Donald Trump’s new political ad is getting a lot of attention. It’s his first video foray into the Iowa and New Hampshire TV markets, and it’s as belligerent as you might expect, jumping from shots of terrorism suspects and border-crossing migrants to video of United States warships firing cruise missiles, flashing police lights, and a thundering Mr. Trump promising – no surprise here – to “make America great again!”
It’s a thrill ride in 30 seconds. The Donald’s not into soft-focus bio spots with waving flags, rippling wheat, and puppies. He’s out to remind the citizens of early voting states of his core campaign promises, from the border wall (paid for by Mexico) to blocking Muslims at the border “until we can figure out what’s going on.”
“The point may simply be to remind them how different Trumpmania is from political business as usual,” opines Allahpundit at the right-leaning "Hot Air" blog.
In that context, what’s the ad’s most unusual (or inaccurate, if you’re a critic) aspect?
Most pundits might point to the faux fleeing Mexicans. When the ad promises that Trump will stop illegal immigration by building a wall on our southern border, it shows a scary action shot of small, dark figures scurrying across a sandy shallows from a low hill to a fenced area.
The problem here is that the video is not of the US border. It was taken in Melilla, an autonomous Spanish area inside the borders of Morocco.
At first Trump officials insisted they did this on purpose, to show what might happen if current trends persist. Later Trump’s lawyer said on CNN that using the clip was a “mistake” and he’d talk to the person who put the ad together.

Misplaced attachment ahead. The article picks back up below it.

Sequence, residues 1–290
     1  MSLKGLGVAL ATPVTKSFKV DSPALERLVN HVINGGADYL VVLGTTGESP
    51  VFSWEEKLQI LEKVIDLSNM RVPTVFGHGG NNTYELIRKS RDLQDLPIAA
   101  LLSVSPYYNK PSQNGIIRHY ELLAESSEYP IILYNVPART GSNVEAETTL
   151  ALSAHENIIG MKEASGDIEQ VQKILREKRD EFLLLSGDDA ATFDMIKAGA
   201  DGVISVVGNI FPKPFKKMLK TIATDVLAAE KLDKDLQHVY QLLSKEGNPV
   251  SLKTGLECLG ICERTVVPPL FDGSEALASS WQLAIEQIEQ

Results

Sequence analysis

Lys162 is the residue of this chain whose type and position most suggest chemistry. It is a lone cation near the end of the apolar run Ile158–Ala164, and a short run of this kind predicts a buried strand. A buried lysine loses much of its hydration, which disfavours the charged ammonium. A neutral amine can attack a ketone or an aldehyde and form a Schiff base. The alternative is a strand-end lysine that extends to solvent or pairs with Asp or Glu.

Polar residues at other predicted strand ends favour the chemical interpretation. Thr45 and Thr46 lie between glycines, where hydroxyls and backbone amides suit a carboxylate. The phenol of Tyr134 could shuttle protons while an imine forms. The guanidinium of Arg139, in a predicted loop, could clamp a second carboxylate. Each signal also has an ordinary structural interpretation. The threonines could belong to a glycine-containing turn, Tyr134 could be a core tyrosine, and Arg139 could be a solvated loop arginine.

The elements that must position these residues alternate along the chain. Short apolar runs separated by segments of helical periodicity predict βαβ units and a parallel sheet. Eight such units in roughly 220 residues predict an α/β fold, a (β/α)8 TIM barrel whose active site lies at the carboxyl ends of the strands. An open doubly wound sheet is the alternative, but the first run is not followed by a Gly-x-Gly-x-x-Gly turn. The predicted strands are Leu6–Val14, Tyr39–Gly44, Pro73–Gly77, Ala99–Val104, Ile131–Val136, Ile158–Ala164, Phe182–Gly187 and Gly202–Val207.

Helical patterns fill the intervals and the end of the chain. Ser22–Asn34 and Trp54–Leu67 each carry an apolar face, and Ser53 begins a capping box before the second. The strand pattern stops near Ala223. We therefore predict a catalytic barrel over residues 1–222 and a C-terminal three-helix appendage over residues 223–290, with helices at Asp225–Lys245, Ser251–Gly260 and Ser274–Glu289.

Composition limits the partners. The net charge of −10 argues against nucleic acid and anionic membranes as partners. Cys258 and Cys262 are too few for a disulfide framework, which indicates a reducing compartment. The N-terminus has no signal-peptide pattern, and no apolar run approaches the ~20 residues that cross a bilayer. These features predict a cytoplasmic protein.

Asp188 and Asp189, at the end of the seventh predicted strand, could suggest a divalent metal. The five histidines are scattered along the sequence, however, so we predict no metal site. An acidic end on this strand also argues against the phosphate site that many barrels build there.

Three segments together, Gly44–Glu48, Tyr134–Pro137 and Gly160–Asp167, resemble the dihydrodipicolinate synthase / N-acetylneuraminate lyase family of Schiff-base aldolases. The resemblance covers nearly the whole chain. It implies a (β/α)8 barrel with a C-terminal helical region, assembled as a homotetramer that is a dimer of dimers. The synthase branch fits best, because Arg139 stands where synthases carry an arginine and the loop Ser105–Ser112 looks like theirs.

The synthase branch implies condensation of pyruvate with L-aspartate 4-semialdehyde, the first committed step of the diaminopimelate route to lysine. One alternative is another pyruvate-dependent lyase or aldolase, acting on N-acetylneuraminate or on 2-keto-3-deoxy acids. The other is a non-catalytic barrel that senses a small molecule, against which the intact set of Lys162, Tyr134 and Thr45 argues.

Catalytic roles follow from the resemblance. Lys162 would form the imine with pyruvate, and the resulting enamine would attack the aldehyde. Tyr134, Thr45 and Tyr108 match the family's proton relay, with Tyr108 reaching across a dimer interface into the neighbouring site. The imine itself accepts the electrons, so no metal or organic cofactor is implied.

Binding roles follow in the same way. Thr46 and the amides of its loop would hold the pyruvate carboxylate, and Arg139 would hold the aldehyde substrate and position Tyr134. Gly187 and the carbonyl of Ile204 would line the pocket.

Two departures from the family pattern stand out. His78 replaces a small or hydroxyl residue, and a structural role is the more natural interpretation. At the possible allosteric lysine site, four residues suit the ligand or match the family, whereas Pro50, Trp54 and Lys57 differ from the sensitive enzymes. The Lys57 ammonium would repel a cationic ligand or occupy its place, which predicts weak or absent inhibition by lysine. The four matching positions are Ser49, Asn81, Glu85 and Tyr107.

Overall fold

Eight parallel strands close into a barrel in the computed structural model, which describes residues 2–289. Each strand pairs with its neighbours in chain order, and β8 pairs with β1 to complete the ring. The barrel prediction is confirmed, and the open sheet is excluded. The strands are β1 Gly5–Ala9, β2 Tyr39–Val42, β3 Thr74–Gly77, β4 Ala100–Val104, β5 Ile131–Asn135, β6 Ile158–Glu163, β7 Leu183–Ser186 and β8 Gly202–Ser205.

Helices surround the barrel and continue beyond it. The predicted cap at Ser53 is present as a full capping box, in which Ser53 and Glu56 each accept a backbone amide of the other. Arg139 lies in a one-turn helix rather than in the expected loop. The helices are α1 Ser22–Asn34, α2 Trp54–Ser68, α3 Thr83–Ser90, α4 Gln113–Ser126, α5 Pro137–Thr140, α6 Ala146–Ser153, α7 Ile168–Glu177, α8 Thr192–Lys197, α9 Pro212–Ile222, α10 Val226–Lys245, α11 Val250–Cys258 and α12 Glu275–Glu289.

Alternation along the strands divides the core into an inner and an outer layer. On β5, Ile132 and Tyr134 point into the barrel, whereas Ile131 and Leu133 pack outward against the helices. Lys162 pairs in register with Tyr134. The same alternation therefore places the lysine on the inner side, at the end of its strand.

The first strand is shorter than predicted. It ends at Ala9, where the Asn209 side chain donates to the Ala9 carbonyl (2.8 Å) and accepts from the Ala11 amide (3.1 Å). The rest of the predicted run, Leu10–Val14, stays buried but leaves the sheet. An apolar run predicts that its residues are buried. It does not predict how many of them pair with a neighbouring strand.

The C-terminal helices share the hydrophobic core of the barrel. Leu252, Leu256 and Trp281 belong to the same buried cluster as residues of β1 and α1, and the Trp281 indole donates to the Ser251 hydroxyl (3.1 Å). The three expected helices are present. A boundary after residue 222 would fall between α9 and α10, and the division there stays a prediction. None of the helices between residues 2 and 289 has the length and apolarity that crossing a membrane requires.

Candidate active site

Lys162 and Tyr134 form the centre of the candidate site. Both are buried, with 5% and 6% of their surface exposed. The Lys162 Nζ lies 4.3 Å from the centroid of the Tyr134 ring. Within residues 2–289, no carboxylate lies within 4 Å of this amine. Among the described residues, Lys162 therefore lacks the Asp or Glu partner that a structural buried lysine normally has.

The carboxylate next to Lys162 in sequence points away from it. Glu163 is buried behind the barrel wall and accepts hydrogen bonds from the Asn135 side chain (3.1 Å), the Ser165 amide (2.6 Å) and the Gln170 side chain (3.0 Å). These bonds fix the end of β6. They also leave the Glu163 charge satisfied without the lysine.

But lots of campaigns make mistakes with stock footage. For our money the more problematic part of the Trump ad is something else: his continued insistence that somehow the US will “take” Middle Eastern petroleum reserves.
This comes in the brief part when the deep-voiced narrator says Trump will “cut the head off ISIS” and then “take their oil.” Sounds good, right? After all, ISIS is financing lots of activities via their control of Iraqi and Syrian oil fields. They’re stealing the oil themselves and selling it on a shadowy world gray market.
This is a variation of a policy Trump has long advocated. Back in 2011, his plan to lower gas prices, then over $4 a gallon, included simply seizing Iraq’s oil fields, so the US could get something for the expense of its invasion.
The problem here is that’s a lot harder than it sounds. As Brian Beutler notes at the New Republic, it’s not as if this oil is sitting around in giant stashes of barrels that the US can load onto C-5s and fly back to the homeland. It’s in the ground, in the form of vast liquid reserves. If the US is going to “take” it, US troops would have to guard the facilities for years, given that Iraqis, Kurds, Syrians, and other local countries and/or political factions consider oil their own.
“Short of occupying those countries indefinitely, and stealing the oil on behalf of American companies, in the face of global condemnation, this isn’t going to happen,” writes Mr. Beutler.
Of course, Trump and his voters would probably say that’s loser talk. And that sort of projection of strength may be a big part of his domestic political appeal.